Part 4: You’re done with your interviews - How to analyze and share what you learned
There are a number of frameworks that trained researchers use to analyze free-form text, ethnographic artifacts, video, and more. A popular one that qualitative researchers use is grounded theory. In the simplest terms, grounded theory is a methodology for qualitative text analysis (among other things) used by social scientists to construct key takeaways and theories from free-form text and data.
This analytical approach is ideal for IDIs and helps identify the terminology and lexicon with which patients speak about their condition and experiences, as well as the key concepts their experiences coalesce around.
Grounded theory takes many researchers years to learn and adopt into their practice, and we are by no means going to make you an expert. We’ll cover the basics and give you a simplified framework to extract insights from your raw learnings, and ensure your team can digest the most important ones.
Now that you’ve got your interviews analyzed and your key takeaways identified, you’re ready to share your learnings.
Part 5: Being a research leader in your organization - Institutional knowledge, storing and sharing insights
Don’t be the company that forgets who did what, when, and whether you had ever asked this question before, and who did that study again?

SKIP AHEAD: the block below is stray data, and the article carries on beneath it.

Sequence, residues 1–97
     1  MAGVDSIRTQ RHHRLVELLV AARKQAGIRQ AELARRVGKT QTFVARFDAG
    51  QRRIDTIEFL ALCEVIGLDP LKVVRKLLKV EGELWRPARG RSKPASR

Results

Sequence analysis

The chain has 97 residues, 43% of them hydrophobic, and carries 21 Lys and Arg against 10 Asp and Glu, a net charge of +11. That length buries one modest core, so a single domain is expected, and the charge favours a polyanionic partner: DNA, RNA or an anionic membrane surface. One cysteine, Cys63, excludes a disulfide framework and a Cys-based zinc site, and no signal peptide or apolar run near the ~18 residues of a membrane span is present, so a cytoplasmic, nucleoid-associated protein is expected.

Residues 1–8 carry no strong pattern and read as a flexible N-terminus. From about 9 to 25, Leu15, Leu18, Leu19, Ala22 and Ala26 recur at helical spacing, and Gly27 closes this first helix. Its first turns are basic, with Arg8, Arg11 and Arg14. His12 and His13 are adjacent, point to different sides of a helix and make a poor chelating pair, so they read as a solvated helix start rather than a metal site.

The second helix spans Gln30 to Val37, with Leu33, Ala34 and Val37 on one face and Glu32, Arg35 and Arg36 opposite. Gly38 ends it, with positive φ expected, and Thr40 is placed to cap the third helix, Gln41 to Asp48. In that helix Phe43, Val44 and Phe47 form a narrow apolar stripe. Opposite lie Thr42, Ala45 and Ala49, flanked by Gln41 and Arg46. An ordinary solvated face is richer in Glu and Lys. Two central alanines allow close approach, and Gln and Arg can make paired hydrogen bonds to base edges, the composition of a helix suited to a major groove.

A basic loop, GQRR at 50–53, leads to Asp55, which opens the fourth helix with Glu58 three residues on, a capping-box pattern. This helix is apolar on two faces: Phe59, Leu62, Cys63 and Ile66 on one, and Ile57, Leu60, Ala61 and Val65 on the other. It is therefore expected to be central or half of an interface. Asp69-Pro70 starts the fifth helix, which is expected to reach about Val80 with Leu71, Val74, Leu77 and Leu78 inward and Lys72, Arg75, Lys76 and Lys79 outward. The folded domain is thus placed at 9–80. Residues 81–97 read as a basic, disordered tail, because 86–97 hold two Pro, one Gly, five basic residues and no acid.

Once you do research, it doesn’t mean you’ll NEVER do it again - it always makes sense to update insights. But it’s a huge waste of org resources to lose your institutional memory - what you’ve asked, from who, what you learned, and most importantly, what decisions you made with the insights. How to never let that happen again is a team effort, but it can start with a few simple steps.
We’ll cover how to build a company Knowledge Base to store your insights and research, how to build a taxonomy of concepts that makes it easy for your stakeholders to explore your data, and how to ensure that they can find and evangelize your message when it comes time for reviewing budgets and setting priorities.
We’re super excited to take you on this journey with us. At Savvy there are no secrets. The more people we can get to talk to patients, the better this ecosystem is for everyone, and we’re super excited to show you how we do it, and help YOU do it too!
Jahed Momand is VP of Product & Marketing at Savvy Cooperative, and previously led patient-focused research groups at digital health startups such as Conversa Health and ZoomCare.
Savvy Cooperative helps the healthcare industry create patient-centered products and solutions by providing a marketplace for patient insights. Pharma and startups alike can connect directly with patients to participate in clinical, UX, and market research. Savvy’s unique co-op model leverages its members’ networks to quickly recruit diverse patients, and pays patients for sharing their insights! Savvy’s award-winning co-op has been featured in FastCompany, TechCrunch, The Boston Globe, and named one of the 50 Most Daring Entrepreneurs by Entrepreneur Magazine.